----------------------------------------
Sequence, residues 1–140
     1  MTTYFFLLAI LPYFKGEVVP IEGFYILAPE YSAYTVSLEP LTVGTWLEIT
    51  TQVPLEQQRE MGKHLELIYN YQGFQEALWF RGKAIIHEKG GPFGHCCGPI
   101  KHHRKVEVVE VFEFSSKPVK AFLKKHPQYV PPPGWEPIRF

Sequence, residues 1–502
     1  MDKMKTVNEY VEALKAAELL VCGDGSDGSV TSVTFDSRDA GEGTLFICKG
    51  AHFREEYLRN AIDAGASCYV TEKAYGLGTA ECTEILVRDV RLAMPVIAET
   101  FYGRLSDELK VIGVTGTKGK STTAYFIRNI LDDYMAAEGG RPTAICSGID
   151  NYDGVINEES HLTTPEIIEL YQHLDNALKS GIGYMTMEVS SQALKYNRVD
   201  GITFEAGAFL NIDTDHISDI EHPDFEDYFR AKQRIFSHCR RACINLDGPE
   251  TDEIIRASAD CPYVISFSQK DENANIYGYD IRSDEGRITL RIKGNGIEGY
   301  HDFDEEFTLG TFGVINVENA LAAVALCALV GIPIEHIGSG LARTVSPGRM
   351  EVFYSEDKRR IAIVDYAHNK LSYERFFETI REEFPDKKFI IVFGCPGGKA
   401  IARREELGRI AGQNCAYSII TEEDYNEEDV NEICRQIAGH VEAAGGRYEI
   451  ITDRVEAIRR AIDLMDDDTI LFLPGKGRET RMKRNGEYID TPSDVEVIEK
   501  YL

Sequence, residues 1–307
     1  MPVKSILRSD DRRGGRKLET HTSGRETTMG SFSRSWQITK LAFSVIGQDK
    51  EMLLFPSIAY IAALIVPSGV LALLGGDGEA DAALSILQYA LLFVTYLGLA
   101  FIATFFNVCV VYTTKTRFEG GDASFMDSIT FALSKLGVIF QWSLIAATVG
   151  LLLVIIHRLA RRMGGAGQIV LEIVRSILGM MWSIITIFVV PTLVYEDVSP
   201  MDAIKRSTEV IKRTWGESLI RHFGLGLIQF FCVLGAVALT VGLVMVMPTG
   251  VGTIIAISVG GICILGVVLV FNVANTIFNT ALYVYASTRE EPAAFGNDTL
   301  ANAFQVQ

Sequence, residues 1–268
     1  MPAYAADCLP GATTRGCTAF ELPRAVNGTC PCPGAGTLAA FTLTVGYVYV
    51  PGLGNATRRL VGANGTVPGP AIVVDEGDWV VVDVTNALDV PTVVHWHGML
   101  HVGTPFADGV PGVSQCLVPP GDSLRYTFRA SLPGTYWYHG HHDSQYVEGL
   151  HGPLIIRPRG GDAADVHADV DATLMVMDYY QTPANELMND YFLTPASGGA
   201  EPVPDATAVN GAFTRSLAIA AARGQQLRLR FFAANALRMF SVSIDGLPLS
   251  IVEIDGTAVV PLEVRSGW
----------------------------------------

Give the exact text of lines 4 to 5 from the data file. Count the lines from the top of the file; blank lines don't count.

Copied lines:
   101  KHHRKVEVVE VFEFSSKPVK AFLKKHPQYV PPPGWEPIRF

Sequence, residues 1–502